Fig 1
Pretreatment facial and intraoral photographs.

Fig 2
Pretreatment cast models.

Fig 3
Pretreatment radiographs; lateral and posteroanterior cephalograms and panoramic and periapical radiographs are shown.

Table
Lateral cephalometric measurements
Measurement Norm Pretreatment Postphase 1 surgery Posttreatment
Skeletal
SNA (°) 82.4 ± 3.2 82.0 81.5 82.1
SNB (°) 80.4 ± 3.1 89.2 85.4 77.7
ANB (°) 2.0 ± 1.7 −7.2 −3.9 4.4
Wits (mm) −2.0 ± 2.4 −29.8 −18.8 −12.4
SN-GoGn (°) 32.0 ± 5.0 39.9 43.7 54.2
Gonial angle (°) 117.1 ± 6.7 137.1 140.3 142.3
Go-Me (mm) 79.0 ± 5.0 95.0 87.4 82.7
Dental
U1 to SN (°) 107.0 ± 5.0 108.2 108.8 95.7
L1 to GoGn (°) 95.0 ± 5.0 70.1 77.1 78.6
Soft tissue
Upper lip E-line (mm) 1.0 ± 2.0 −4.6 −1.6 0.1
Lower lip E-line (mm) 2.0 ± 3.0 4.6 4.6 2.8

Treatment objectives

Based on the cephalometric findings, this patient was diagnosed with a skeletal Class III malocclusion with mandibular protrusion, facial asymmetry, and macroglossia. The following treatment objectives were planned: (1) correct the patient’s facial asymmetry and coordinate the facial, maxillary, and mandibular dental midlines; (2) correct the skeletal Class III anteroposterior jaw relationship; (3) coordinate the widths of the dental arches; (4) correct the canted occlusal plane and achieve an ideal overjet and overbite relationship; (5) relieve dental compensation by straightening the mandibular incisors to an upright position over the basal bone; (6) shorten the tongue to prevent postoperative recurrence; and (7) extract the impacted supernumerary tooth.

Treatment objectives

Based on the cephalometric findings, this patient was diagnosed with a skeletal Class III malocclusion with mandibular protrusion, facial asymmetry, and macroglossia. The following treatment objectives were planned: (1) correct the patient’s facial asymmetry and coordinate the facial, maxillary, and mandibular dental midlines; (2) correct the skeletal Class III anteroposterior jaw relationship; (3) coordinate the widths of the dental arches; (4) correct the canted occlusal plane and achieve an ideal overjet and overbite relationship; (5) relieve dental compensation by straightening the mandibular incisors to an upright position over the basal bone; (6) shorten the tongue to prevent postoperative recurrence; and (7) extract the impacted supernumerary tooth.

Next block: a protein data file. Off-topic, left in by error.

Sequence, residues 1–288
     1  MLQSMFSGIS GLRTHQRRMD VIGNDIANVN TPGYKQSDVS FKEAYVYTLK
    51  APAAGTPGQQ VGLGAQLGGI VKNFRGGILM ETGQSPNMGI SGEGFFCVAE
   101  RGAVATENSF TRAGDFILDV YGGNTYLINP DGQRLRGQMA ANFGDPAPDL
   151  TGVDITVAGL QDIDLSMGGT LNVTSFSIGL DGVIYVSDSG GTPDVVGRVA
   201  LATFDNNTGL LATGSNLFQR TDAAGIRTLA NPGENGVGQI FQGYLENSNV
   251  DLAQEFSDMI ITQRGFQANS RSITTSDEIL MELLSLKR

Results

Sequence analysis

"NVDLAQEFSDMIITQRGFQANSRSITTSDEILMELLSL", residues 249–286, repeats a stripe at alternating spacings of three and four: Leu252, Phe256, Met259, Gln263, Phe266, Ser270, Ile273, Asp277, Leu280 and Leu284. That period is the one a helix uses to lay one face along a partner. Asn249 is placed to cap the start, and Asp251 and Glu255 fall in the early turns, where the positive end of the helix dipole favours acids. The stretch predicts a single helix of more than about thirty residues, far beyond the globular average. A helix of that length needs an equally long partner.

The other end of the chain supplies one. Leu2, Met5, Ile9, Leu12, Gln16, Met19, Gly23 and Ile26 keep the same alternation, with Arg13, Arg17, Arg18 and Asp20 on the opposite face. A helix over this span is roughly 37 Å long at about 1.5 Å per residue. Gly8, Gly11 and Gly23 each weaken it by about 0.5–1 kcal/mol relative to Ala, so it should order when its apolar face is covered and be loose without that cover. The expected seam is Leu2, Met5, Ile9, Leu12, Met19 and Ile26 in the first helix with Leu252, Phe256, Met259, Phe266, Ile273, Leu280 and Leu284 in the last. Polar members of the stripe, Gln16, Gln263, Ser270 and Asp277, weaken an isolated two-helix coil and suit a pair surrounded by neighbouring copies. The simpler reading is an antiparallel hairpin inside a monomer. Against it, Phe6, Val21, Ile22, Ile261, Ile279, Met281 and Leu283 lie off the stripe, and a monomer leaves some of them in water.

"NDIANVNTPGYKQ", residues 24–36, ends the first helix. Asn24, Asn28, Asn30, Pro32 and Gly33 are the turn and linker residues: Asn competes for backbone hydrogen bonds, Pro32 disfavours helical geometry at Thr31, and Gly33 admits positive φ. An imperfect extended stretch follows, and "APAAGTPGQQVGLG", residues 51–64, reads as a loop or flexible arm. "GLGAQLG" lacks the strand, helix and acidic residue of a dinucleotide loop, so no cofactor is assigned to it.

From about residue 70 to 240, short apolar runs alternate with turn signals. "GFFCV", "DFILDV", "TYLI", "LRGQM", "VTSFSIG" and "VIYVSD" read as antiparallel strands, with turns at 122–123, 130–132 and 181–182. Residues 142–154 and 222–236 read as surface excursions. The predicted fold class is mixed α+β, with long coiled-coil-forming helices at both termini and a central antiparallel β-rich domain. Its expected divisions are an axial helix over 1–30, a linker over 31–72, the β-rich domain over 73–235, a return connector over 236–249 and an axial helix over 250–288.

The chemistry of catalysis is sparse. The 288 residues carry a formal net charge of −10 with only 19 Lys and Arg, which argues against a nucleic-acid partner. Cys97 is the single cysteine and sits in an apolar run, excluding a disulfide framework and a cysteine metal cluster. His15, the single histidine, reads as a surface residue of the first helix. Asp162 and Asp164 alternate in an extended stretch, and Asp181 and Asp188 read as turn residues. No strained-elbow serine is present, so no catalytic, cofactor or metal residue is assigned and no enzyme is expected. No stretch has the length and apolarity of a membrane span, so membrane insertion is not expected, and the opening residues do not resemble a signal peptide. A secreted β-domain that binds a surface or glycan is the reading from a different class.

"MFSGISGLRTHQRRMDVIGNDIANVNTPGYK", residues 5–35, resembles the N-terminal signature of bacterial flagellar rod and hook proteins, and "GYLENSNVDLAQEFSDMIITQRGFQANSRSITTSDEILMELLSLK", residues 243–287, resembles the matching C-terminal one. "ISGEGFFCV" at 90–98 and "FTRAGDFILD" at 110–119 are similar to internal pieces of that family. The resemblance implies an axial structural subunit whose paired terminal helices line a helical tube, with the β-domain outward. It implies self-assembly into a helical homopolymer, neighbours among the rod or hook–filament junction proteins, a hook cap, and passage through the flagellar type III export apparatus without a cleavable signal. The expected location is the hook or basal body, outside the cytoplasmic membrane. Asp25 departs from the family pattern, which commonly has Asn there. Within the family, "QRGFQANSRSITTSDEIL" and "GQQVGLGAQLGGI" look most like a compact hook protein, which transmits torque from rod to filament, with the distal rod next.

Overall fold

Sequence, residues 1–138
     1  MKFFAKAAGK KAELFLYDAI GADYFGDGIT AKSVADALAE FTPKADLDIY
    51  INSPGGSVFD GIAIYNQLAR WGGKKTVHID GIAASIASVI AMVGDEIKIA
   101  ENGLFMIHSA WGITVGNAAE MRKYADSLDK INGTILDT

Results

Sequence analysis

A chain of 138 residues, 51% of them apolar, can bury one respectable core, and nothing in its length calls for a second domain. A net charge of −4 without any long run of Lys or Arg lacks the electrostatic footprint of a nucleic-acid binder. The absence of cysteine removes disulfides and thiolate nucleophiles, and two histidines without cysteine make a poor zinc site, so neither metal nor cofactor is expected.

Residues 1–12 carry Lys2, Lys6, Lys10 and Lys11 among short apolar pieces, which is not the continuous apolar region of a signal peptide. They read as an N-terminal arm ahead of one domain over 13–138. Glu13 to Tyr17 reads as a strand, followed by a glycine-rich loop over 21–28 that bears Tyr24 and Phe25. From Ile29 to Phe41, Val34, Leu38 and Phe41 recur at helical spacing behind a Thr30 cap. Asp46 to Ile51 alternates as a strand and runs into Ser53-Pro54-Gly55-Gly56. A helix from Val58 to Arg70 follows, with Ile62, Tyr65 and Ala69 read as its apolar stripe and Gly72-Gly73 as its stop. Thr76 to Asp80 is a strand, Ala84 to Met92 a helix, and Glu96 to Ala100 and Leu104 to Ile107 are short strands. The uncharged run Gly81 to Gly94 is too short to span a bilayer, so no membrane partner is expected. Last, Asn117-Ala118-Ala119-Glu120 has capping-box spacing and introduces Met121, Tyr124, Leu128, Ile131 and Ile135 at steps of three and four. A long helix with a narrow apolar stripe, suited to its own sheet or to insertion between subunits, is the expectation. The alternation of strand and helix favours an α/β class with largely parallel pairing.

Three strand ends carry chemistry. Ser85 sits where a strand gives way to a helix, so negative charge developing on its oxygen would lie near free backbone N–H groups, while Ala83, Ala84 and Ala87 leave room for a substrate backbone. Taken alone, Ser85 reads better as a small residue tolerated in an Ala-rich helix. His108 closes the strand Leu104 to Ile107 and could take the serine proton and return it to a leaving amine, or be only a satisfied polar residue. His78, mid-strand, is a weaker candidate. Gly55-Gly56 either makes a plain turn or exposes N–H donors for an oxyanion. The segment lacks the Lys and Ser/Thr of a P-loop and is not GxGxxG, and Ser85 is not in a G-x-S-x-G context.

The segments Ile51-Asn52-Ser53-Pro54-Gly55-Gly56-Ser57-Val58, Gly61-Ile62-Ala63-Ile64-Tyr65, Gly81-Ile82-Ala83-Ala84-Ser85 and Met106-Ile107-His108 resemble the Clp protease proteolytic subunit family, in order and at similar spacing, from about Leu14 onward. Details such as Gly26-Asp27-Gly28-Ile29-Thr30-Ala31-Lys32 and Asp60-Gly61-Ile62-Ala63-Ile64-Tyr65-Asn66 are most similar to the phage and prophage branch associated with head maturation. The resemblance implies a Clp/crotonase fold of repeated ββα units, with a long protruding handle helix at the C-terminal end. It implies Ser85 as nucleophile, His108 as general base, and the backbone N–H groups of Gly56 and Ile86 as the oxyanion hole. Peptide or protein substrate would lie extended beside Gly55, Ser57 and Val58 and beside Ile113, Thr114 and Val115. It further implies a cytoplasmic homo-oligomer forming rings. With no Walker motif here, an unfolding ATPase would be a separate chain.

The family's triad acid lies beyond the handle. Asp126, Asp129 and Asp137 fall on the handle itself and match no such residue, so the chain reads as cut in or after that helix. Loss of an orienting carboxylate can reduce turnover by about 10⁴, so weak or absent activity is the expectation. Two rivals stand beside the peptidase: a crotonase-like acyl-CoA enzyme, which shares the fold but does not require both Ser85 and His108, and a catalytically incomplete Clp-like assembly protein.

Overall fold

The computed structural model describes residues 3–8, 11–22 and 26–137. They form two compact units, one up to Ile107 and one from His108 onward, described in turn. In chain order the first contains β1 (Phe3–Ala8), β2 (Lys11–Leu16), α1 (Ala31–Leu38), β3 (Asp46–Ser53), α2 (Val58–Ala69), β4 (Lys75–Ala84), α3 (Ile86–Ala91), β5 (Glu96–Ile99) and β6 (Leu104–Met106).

Treatment alternatives

The following treatment alternatives were considered based on the objectives: (1) 1-stage maxillary and mandibular orthognathic surgery with clockwise rotation, without 2-piece segmental surgery; and (2) 2-stage maxillary and mandibular orthognathic surgery: phase 1 surgery would include the mandibular step osteotomy with extraction of the first 2 premolars, and phase 2 surgery would include maxillary and mandibular orthognathic surgery with clockwise rotation and 2-piece maxillary segmental surgery. Both options included extraction of the impacted mesiodens and a partial glossectomy. The advantages of option 1 were the short treatment duration, no need for maxillary segmental surgery and the extraction of mandibular first premolars, and establishment of a dental Class I canine-molar relationship. However, the surgical treatment objective required a large amount of mandibular setback (20.0 mm), stretching of the pterygomandibular sling, and narrowing of the pharyngeal airway ( Fig 4 , A ). On the other hand, the disadvantages of option 2 included a long treatment duration, a maxillary segmental osteotomy, and establishment of a Class III molar relationship after extraction of 2 teeth. However, the mandibular setback and stretching of the pterygomandibular sling would be decreased when the mandibular body length was reduced ( Fig 4 , B ). The patient agreed to a 2-stage orthognathic treatment.

Apr 6, 2017 | Posted by in Orthodontics | Comments Off on Severe skeletal Class III malocclusion treated with 2-stage orthognathic surgery with a mandibular step osteotomy